SS7 performs these functions by passing control messages between telephone exchanges – signalling points (SPs)  and signalling transfer points (STPs). The SPs handle the signalling control network as well as the speech channel network, while the STPs deal only with routing SS7 control packets across the signalling network. Essentially, the signalling network tells the exchange which paths to establish over the circuit switched network.

The service enabler
The SS7 protocols that have been developed by AT&T (News - Alert) and others since 1975 are now defined as standards by various national and international organisations, such as the ITU-T (in its Q.7XX-series recommendations) and ANSI. SS7 was spawned to replace earlier, in-band signalling protocols, which were once in widespread international use. These, with the exception of R2 variants, are now largely defunct.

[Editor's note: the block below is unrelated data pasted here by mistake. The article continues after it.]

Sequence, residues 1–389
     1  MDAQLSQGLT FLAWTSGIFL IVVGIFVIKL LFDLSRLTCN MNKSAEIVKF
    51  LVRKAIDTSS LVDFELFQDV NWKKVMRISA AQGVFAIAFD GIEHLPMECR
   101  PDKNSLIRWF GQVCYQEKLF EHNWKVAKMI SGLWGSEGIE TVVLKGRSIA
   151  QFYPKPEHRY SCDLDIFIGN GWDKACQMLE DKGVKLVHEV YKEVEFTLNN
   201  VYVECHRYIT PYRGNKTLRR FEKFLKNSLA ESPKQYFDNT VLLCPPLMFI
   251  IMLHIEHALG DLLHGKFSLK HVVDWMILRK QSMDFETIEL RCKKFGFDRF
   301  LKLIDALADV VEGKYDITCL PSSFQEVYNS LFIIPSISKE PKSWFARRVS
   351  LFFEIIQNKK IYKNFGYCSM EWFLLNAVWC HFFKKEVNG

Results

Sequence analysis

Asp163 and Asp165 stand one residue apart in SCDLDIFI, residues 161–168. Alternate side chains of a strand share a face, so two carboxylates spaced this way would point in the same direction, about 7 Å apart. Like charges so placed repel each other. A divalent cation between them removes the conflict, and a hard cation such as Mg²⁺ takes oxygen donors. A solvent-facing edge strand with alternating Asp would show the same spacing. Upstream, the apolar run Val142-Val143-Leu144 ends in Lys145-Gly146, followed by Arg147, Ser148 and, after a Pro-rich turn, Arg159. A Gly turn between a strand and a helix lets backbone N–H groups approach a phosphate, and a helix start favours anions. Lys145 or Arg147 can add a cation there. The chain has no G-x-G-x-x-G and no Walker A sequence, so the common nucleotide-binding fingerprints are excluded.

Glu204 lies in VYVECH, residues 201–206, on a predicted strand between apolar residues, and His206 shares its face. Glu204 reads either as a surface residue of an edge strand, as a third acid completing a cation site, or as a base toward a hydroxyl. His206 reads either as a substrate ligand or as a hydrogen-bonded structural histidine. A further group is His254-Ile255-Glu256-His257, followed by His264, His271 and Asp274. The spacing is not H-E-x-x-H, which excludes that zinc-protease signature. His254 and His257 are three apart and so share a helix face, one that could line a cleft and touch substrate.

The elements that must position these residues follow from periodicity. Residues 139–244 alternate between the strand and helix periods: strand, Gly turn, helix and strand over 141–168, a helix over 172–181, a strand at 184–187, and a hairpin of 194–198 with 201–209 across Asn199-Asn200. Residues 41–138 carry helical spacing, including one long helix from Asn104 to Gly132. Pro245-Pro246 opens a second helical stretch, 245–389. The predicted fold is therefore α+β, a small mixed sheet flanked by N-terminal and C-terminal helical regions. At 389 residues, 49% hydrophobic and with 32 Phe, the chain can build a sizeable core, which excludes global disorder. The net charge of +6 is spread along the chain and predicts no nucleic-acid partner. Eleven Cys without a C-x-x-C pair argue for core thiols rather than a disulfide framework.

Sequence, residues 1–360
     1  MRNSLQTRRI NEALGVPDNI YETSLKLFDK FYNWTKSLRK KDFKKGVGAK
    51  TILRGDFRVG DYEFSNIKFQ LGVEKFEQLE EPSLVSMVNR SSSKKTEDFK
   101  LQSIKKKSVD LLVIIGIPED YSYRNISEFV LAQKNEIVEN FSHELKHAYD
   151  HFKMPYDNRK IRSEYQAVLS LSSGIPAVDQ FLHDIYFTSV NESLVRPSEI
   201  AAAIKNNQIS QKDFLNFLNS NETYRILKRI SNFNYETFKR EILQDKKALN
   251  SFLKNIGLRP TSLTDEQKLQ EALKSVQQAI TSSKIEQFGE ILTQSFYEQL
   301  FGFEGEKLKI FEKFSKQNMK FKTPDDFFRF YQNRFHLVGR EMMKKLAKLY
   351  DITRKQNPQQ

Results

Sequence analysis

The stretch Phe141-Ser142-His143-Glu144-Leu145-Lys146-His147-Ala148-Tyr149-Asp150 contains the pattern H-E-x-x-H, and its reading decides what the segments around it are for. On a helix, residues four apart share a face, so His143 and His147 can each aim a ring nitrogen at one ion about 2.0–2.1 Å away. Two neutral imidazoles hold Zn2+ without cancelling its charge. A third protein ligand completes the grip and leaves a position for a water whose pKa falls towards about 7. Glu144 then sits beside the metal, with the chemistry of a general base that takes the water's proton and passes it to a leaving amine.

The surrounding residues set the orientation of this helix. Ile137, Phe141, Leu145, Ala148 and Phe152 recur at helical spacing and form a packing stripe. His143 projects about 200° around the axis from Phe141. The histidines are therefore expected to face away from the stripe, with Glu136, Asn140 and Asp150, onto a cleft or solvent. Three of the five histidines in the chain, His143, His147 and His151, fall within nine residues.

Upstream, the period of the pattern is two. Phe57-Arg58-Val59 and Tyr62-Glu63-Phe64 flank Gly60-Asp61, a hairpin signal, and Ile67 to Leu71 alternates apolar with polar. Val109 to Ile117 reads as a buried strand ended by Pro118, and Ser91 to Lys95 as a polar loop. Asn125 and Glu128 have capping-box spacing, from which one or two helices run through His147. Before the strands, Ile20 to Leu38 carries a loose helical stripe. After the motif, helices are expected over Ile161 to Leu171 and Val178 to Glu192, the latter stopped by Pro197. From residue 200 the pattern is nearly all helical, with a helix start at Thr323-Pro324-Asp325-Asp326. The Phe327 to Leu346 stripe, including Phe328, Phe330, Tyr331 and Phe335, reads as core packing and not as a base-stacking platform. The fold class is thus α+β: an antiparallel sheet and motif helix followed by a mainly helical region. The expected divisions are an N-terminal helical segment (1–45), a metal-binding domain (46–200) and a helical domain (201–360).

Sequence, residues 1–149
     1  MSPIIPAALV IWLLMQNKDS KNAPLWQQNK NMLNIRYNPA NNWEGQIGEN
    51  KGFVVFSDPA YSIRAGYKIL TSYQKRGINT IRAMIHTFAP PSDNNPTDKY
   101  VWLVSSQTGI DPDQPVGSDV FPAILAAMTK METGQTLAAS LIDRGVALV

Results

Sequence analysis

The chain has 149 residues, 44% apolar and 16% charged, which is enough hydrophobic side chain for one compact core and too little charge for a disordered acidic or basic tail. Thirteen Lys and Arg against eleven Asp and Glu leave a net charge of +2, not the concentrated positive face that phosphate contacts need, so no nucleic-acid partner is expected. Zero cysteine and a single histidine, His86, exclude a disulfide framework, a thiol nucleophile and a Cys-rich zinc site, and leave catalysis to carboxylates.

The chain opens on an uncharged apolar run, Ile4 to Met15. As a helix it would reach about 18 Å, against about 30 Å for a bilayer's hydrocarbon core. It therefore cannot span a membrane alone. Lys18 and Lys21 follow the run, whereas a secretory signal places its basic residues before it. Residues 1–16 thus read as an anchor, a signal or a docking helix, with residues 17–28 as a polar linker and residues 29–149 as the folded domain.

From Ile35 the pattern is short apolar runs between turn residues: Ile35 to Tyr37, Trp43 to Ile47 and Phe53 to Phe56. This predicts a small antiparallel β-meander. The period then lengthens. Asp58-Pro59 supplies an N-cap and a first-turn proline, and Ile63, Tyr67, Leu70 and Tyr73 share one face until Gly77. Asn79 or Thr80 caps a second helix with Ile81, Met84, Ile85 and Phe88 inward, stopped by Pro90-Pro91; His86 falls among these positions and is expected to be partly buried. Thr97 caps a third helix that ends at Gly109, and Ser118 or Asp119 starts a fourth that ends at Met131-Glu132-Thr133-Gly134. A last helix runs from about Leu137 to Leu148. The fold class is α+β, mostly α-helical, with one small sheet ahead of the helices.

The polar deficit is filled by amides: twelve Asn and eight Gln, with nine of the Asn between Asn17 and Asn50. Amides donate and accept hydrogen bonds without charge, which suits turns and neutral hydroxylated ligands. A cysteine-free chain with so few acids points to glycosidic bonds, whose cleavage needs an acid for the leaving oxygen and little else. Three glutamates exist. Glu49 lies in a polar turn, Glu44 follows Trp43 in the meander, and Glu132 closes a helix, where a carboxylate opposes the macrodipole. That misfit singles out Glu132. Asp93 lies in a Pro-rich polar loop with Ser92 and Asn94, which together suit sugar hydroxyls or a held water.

SS7 brought many advantages to carriers and service providers. For competitive local exchange carriers (CLECs) it meant cost efficiencies and performance gains. As one SS7 connection can service multiple trunks, cost savings are made when extra capacity is added. SS7 messages also contain all the information for call set up, which reduces post-dialling delay, improving revenue opportunities for service providers.
The SS7 intelligent network (IN) architecture was introduced as a means of deploying services in networks, while decoupling them from central office switches. The service logic was separated from the switching equipment and this meant that services could be added without having to redesign the switches to support them. The result was faster and more economical deployment of new and enhanced, vendor independent services in both wireline and wireless networks.
Services that we take for granted today, such as 0800/1800 Freephone numbers, calling card services, short message service (SMS), calling line identification (CLI/ANI), international roaming, mass calling (tele-voting), prepaid calling and network-based voicemail are all enabled by SS7.